IMpact: News for Medical Students

Discover your future in Internal Medicine

The General Internist Career Path

Internal Medicine physicians are specialists who apply scientific knowledge and clinical expertise to the diagnosis, treatment, and compassionate care of adults across the spectrum from health to complex illness.

More About Internal Medicine Careers

The Subspecialist Career Path

Subspecialists in internal medicine have chosen to receive additional, more in-depth training and board certification in the diagnosis and management of diseases of a specific type or diseases affecting a single organ system.

More About Subspecialty Careers

The Hospitalist Career Path

Hospitalists are providers who dedicate most of their career to the care of hospitalized patients. They focus on clinical management, with an added eye to quality, safety, and utilization.

More About Hospitalist Careers

My Kind of Medicine:
Real Stories of ACP Internists

Joshua M. Liao, MD

Dr. Joshua M. Liao

Internal Medicine Resident

Dr. Valerie J. Lang

Dr. Valerie J. Lang

Associate Professor of Medicine

Dr. David Fleming

Dr. David Fleming

ACP President with Dr. Robert Centor, ACP Chair, Board of Regents

Dr. Kent J. DeZee

Dr. Kent DeZee

Program Director, General Medicine Fellowship

Dr. Erik Wallace

Dr. Erik Wallace

Associate Dean

Dr. Suchitra Behl

Dr. Suchitra Behl

Consultant for FORTIS C-DOC

Dr. Aysha Khoury

Dr. Aysha Khoury

Clinical Decision Unit Internist

Victor Simms

Dr. Victor A. Simms

Associate Chief, Dept. of IM

Christine Laine

Dr. Christine Laine

Annals of Internal Medicine Editor

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MKSAP 5 - Question of the Week

A 14-year-old boy is evaluated for a 1-week history of fever, abdominal pain, and bloody diarrhea. He reports no recent travel or medication use but did go to a barbeque 1 week ago and ate hamburgers. His medical history is otherwise unremarkable.

On physical examination, temperature is 38.4°C (101.2°F), blood pressure is 150/96 mm Hg, pulse rate is 100/min, and respiration rate is 14/min. He has petechiae on his legs. The abdomen is diffusely tender. The remainder of the examination is normal.

Hemoglobin 7.6 g/dL (76 g/L)
Leukocyte count 15,000/μL (15 x 109/L)
Platelet count 46,000/μL (24 x 109/L)
Blood urea nitrogen 36 mg/dL (12.8 mmol/L)
Creatinine 2.8 mg/dL (247.5 mmol/L)

Urinalysis is positive for many erythrocytes per high-power field.

The most appropriate next management step is a peripheral blood smear. This patient likely has hemolytic uremic syndrome (HUS), which is characterized by thrombocytopenia and thrombotic microangiopathy. Thrombotic microangiopathy is a clinical syndrome that affects multiple organ systems but is always characterized by thrombocytopenia and microangiopathic hemolytic anemia (schistocytes on the peripheral blood smear, elevated reticulocyte count, and elevated lactate dehydrogenase level). Thrombotic microangiopathy may manifest as thrombotic thrombocytopenic purpura or HUS. HUS is usually caused by infection with Shiga toxin–producing Escherichia coli (O157:H7), often related to ingestion of contaminated, under-cooked beef, or by complement dysregulation caused by genetic mutations. Additional manifestations of HUS may include acute kidney injury and neurologic findings (for example, headache, confusion) but the only diagnostic criteria are thrombocytopenia and microangiopathic hemolytic anemia in the absence of any other potential cause.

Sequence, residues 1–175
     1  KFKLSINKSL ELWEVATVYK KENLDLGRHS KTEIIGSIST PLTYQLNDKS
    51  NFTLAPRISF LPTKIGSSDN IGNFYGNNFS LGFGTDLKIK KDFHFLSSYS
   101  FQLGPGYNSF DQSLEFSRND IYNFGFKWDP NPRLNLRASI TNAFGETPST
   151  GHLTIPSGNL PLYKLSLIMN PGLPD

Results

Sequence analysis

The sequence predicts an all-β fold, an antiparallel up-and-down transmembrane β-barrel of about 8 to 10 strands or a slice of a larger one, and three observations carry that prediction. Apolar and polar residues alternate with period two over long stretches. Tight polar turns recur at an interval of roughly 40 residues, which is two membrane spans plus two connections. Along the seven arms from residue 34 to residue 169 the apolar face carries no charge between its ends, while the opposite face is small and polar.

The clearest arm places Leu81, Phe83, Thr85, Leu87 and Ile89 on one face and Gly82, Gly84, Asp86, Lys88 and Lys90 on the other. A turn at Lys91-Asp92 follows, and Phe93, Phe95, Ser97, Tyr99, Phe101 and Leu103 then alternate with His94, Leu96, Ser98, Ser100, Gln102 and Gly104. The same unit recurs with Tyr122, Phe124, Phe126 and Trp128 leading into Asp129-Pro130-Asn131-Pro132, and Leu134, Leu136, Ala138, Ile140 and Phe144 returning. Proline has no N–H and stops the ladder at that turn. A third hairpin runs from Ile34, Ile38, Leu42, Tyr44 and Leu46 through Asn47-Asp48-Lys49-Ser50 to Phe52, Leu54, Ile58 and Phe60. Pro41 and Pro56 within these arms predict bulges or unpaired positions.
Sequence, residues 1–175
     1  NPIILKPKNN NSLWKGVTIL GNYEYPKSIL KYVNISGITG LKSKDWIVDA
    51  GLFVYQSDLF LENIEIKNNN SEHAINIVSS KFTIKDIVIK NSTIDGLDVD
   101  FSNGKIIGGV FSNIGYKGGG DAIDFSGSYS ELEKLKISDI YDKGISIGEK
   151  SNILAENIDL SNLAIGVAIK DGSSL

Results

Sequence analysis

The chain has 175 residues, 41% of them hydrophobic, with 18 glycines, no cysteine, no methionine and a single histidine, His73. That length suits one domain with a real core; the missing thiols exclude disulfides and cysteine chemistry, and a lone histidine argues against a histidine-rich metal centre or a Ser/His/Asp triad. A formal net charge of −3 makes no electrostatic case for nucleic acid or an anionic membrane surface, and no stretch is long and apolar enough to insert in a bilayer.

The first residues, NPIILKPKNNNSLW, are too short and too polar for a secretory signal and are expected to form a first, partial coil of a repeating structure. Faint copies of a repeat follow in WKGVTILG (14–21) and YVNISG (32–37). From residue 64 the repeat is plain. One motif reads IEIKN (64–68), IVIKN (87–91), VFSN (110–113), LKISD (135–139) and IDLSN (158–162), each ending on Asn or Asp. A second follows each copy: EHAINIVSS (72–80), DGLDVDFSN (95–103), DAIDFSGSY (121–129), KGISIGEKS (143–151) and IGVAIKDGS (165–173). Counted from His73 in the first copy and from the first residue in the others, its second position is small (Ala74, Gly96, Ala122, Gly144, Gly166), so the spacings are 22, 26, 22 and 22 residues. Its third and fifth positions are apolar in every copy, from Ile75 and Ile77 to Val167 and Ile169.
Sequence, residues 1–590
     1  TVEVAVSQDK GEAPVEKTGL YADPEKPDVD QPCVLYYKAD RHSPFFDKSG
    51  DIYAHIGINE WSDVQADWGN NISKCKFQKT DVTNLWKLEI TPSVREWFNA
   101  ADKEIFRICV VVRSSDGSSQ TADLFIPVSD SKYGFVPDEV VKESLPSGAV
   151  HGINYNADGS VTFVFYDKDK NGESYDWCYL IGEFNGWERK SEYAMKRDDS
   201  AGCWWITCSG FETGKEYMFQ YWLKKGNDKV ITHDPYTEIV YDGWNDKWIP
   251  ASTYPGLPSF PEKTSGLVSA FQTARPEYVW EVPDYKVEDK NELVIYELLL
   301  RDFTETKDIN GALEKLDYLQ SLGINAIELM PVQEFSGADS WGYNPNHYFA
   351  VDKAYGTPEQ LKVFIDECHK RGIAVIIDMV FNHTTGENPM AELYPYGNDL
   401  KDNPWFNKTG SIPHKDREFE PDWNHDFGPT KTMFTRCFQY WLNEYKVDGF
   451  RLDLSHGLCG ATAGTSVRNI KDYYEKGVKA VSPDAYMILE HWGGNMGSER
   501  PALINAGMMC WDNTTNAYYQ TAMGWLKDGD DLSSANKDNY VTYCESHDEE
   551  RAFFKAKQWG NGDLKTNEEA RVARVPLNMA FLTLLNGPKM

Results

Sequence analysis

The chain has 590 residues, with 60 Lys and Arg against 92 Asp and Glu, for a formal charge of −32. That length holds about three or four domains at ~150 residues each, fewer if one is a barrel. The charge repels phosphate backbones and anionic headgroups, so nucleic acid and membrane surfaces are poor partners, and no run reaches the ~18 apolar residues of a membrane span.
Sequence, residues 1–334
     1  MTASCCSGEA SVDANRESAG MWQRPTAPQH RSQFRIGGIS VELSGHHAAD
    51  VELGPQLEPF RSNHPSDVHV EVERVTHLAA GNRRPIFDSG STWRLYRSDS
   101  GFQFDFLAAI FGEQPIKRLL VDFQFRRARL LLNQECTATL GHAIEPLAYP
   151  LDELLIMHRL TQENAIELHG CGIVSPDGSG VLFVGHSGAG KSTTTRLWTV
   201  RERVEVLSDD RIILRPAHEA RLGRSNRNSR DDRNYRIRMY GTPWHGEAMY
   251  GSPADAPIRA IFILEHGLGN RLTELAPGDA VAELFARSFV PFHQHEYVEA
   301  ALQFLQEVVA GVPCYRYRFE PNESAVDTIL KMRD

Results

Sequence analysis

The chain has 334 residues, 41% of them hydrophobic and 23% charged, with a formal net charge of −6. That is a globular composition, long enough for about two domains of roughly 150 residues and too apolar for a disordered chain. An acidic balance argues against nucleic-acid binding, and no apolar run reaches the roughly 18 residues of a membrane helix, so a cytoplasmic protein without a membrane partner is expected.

Antibiotics are not recommended in the treatment of HUS. Studies in children have shown either no benefit or increased complications when antibiotics are used. The mainstay of treatment is supportive, with adequate fluids and close monitoring of electrolytes and blood counts; dialysis may be required for acute renal failure. Transfusion of packed red blood cells may be indicated if anemia worsens, but platelet transfusion is controversial, because it may worsen the thrombotic process and is typically used only when bleeding is significant.

Routine stool cultures only test for salmonella, shigella, and campylobacter. Therefore, in patients with bloody diarrhea, stool should also be sent specifically for E. coli O157:H7 testing. Fecal leukocyte testing has poor sensitivity and specificity in the diagnosis of infectious diarrhea, will not specifically diagnose HUS, and will not add useful diagnostic information.

Key Point

  • Hemolytic uremic syndrome diagnosis is based on the presence of microangiopathic hemolytic anemia and thrombocytopenia.
Q. Which of the following is the most appropriate next management step for this patient?
Abstract Competition

Abstract Competition

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Doctor's Dilemma

Doctor's Dilemma™

ACP's national medical jeopardy competition, held each year at ACP’s annual meeting, allows dozens of teams of residents and medical students from around the nation to compete for the coveted title of national champion.

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